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24 September 2021

Stakeholder engagement and why your business needs it

What is Stakeholder Engagement?

The term stakeholder is used to determine individuals or groups of people who have an impact or can impact a business or organisation.

R. Edward Freeman first used the phrase in 1984, in his text Strategic Management: A Stakeholder Approach, when he described stakeholders as:

“…any group or individual who can affect or is affected by the achievement of the organization’s objectives.” 

Stakeholder engagement should be viewed as a positive opportunity to inform, consult, influence, learn from and analyse information from people surrounding your business, to help you gain the best outcome on how you share your communications.

Identifying Your Stakeholders

So how do we work out the impactful people surrounding our business or organisation? A good place to begin is with a brainstorm of all of the people who are impacted by your project or business, or who might hold influence over the outcome – good or bad. This could be co-workers, community groups, customers, shareholders, residents, regulators, politicians…the list could be varied depending on your business.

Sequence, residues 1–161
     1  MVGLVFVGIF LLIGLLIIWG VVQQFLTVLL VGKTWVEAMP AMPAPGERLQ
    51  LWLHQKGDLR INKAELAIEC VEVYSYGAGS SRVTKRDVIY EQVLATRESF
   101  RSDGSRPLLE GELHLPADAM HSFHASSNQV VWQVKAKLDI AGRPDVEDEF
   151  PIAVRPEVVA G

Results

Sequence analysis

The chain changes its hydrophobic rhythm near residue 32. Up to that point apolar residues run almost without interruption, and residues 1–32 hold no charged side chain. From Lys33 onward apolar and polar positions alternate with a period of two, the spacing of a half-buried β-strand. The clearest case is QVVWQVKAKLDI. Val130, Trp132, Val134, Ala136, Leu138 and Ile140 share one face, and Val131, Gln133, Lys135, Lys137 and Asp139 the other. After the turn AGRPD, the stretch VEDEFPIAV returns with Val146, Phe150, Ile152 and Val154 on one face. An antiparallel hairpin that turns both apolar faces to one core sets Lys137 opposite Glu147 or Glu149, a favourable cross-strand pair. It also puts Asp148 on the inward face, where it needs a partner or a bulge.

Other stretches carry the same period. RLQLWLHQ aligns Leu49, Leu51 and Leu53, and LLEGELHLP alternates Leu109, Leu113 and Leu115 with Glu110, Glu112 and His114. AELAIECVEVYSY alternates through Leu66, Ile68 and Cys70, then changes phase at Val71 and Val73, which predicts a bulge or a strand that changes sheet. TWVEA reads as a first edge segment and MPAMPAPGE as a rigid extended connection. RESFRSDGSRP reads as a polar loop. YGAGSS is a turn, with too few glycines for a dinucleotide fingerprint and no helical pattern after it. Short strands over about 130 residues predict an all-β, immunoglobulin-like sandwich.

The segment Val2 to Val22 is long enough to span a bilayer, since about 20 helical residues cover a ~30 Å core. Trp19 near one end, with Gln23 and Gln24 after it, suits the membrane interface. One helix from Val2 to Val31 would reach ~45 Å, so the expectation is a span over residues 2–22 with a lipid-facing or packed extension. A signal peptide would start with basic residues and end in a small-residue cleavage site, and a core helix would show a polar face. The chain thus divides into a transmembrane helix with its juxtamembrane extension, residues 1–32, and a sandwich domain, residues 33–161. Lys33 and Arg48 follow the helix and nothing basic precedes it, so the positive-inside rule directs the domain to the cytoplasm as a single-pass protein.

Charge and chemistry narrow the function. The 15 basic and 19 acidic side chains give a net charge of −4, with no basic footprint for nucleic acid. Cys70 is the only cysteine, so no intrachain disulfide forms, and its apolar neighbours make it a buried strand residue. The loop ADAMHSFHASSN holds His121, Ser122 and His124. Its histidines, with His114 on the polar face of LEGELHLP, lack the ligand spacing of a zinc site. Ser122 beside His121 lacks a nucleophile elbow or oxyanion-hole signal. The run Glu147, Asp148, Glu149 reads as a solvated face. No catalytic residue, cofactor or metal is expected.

Once you have generated your list, you’ll need to work out the priority of your stakeholders, by deciding on the power and interest that they have in your work

We can do this by stakeholder mapping – quite literally, making a map of who they are and at what level they interact with our business. Only then can we address how we can engage with the relevant people in a human, respectful and engaging way.

Aubrey Mendelow (1991) created a power-interest matrix to help identify the importance of stakeholders within and beyond an organisation. Stakeholders can be both internal and external and both groups should be considered.

Here are the four levels of power-interest and a general breakdown of meaning:

  1. High power, high interested stakeholders (ENGAGE and CONSULT) = fully engage with these people and groups, paying close attention to expectations.
  2. High power, less interested stakeholders (KEEP SATISFIED) = maintain contact and messaging without excess.
  3. Low power, highly interested stakeholders (KEEP INFORMED) = engage, inform and ensure smooth communications.
  4. Low power, less interested stakeholders (MONITOR) = monitor with low-level communications

Why You Should Have a Stakeholder Engagement Strategy

For projects, campaigns and launches, it’s crucial to analyse, understand and strategically reach the people who can support your endeavours, or conversely, negatively impact what you’re trying to achieve. By laying the good groundwork in identifying and engaging with all of your relevant stakeholders, you’re more likely to succeed in your project and messaging mission.

If you need help determining your stakeholder engagement strategy, Limitless can help you with a clean and clear process. Contact Michael Gregory for an informal chat on 0845 625 0820 or you can message us here.

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